Astros take first of four against the Mariners

Astros daily report presented by APG&E: 3 hits from the 4-2 win

Photo by Dylan Buell/Getty Images

Fresh off a sweep of the A's in Oakland over the weekend, the Astros traveled up the west coast to kick off a four-game series with the Mariners in Seattle on Monday night. Here's a recap of the series opener:

Final Score: Astros 4, Mariners 2.

Record: 41-20, first in the AL West.

Winning pitcher: Framber Valdez (2-2, 3.12 ERA).

Losing pitcher: Cory Gearrin (0-2, 4.24 ERA).

1) Coming out swinging

Houston got out to a hot start in this one, putting together a three-run top of the first against opener Cory Gearrin. It started with a one-out walk of Alex Bregman who would score on an RBI-triple from Josh Reddick. Reddick would then score himself on an RBI-groundout by Yuli Gurriel, then Robinson Chirinos hit a two-out solo home run to make it a quick 3-0 lead.

The trio of Bregman, Reddick, and Gurriel came through again in the top of the sixth. Bregman hit a one-out double, Reddick moved him to third with a single, then Gurriel drove in the run on another RBI to make it a 4-2 game.

2) Martin's struggles continue

Corbin Martin needed a motivation-building start to get him back on track after some rough starts in his early major-league career. He wouldn't get it. Martin was able to get through the first two innings scoreless but walked three batters along with some other long at-bats in that span that had him working with a high pitch count early.

That led to some determination to throw strikes in the third, which would, unfortunately, backfire as the Mariners tagged him with two solo home runs, making the third inning his last in a short appearance on a night where the bullpen was looking to rest after the twelve-inning game the day prior — Martin's final line: 3 IP, 4 H, 2 R, 3 BB, 3K.

3) Valdez excellent in relief

With Martin only able to make it through three innings, the Astros went to one of their fresh arms in Framber Valdez to try and eat up some innings. He'd end up having a great outing, throwing four scoreless innings during which he allowed two hits and two walks to go along with three strikeouts.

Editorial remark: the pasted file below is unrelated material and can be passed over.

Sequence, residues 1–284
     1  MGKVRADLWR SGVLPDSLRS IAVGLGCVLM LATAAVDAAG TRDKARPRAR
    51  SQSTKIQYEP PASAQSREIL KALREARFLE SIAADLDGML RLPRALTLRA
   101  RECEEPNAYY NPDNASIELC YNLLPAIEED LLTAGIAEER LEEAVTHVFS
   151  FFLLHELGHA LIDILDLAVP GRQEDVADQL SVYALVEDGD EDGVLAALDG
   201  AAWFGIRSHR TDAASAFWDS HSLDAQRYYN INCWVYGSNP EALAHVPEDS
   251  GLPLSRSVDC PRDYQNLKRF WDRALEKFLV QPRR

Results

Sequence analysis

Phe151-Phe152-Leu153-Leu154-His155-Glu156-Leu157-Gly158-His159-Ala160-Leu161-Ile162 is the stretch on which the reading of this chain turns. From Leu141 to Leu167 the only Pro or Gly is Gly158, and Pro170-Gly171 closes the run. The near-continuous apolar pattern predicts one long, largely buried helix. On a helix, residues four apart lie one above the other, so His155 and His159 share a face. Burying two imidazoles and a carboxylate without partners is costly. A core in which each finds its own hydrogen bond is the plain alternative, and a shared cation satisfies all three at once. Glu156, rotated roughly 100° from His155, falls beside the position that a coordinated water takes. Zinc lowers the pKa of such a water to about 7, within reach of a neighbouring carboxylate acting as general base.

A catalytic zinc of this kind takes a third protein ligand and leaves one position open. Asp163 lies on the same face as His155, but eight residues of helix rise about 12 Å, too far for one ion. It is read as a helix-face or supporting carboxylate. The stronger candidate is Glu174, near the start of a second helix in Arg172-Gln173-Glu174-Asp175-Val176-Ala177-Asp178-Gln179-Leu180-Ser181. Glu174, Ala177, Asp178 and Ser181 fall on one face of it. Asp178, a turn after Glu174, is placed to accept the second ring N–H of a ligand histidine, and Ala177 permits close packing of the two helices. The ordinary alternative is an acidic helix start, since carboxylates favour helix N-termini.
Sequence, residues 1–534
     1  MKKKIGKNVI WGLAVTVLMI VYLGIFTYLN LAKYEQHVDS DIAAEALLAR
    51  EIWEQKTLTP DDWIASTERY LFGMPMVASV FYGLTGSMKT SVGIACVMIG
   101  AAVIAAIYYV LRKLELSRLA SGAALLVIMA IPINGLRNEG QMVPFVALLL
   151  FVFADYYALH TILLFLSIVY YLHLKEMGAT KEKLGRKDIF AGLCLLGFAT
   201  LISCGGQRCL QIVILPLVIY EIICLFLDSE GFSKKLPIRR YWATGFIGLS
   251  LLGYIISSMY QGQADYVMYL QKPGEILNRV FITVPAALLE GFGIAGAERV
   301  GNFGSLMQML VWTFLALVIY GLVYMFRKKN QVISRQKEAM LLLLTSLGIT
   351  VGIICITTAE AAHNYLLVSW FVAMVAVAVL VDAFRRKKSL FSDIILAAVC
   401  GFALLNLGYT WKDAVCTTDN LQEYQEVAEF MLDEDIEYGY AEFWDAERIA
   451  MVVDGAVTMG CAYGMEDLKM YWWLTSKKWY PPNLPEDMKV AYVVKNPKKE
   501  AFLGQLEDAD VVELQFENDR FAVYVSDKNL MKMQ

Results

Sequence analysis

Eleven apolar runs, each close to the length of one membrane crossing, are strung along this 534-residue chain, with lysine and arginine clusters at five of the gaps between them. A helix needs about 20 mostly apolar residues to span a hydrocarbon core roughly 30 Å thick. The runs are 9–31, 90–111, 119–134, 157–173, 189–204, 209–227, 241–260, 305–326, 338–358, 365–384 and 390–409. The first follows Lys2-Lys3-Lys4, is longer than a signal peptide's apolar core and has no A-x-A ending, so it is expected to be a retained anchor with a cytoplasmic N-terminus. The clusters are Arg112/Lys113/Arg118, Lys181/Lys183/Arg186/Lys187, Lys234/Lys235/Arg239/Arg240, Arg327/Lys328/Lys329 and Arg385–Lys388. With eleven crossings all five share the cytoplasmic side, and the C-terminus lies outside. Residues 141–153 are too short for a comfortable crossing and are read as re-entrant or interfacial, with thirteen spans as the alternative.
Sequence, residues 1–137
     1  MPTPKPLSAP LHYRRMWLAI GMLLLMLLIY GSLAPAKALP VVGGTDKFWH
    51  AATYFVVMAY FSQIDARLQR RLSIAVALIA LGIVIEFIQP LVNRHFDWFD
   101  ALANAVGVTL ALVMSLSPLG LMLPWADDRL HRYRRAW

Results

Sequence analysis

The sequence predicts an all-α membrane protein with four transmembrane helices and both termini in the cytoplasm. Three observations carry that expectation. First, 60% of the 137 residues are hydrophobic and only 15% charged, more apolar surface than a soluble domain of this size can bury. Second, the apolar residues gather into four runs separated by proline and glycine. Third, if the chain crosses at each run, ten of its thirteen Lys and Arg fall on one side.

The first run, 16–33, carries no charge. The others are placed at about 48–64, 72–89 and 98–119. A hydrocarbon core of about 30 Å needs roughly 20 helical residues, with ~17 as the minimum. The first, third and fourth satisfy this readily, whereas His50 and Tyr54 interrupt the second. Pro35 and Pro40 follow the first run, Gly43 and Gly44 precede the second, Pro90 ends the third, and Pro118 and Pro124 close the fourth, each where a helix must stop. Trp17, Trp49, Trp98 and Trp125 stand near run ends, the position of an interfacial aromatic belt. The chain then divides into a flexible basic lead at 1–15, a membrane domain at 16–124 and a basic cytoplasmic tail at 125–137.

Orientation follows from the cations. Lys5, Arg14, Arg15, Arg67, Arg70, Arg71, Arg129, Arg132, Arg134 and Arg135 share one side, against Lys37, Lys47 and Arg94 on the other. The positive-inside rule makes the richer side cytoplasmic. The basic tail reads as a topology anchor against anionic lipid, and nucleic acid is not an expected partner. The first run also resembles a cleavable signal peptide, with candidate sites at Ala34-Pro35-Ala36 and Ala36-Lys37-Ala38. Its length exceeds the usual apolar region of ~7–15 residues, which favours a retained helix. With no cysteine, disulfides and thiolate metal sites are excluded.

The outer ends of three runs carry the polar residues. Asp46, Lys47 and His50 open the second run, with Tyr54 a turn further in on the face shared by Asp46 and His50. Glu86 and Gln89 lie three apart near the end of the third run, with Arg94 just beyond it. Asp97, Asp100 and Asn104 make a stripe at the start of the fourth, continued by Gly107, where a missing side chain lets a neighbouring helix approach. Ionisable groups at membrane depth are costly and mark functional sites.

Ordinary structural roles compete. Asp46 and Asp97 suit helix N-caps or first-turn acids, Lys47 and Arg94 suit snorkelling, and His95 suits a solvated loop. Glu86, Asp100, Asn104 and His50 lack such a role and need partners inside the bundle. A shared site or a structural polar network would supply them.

Chris Devenski took over on the mound for the eighth inning and was able to get through it scoreless thanks to a little help from Jake Marisnick's daily highlight on defense. The two-run game went to the bottom of the ninth where Ryan Pressly came in to close things out and complete the 4-2 win for Houston.

Up Next: Game two of this series will begin tomorrow night with another 9:10 PM first pitch from Seattle. Wade Miley (5-3, 3.25 ERA) will be on the mound for Houston trying to get back in the win column after getting tagged with a loss last week. The Mariners have not yet announced their starter.

The Astros daily report is presented by APG&E.

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Tucker looks like the real deal. Photo by Tim Warner/Getty Images

Kyle Tucker finally had his breakout season in 2020. The 23-year-old flashed potential to be a legitimate five-tool threat. He slashed .268/.325/.512, swiped eight bags, and played above average defense. Is Tucker's performance sustainable? Not only that, but is there room for growth?

Hard Hit % - 44.5%

Barrel % - 9.1%

K % - 20.2%

BB % - 7.9%
Chase % - 26.2%

The first thing to realize with Kyle Tucker is the small sample size at the MLB level. Despite appearing in three separate seasons, he's played in a total of 108 games, which is obviously quite a bit shy of even one full season. He also has an extremely unique swing that you wouldn't teach to anybody, but it "works" for him. This makes him a tough hitter to judge, as it's uncomfortable judging mechanics that work for him, and it's uncomfortable judging numbers that haven't had time to develop trends.

Hard Hit, Barrel, and Chase numbers are unavailable for the minors, but walk and strikeouts percentages are. This creates the ability to at least look at one trend.

Tucker broke onto the scene in 2018 with a monstrous season for AAA Fresno, the Astros affiliate at the time. In 2018, Tucker slashed .332/.400/.590 with 24 homers and 20 steals. He had an 18.1% K% and a 10.3% BB% that season. In 2019, Tucker struck out a little bit more (21.6%) but also walked a little bit more (11.2%). Tucker's 20.2% K% in 2020 is more in line with his minor league K%, indicating he's adjusted to major league pitching.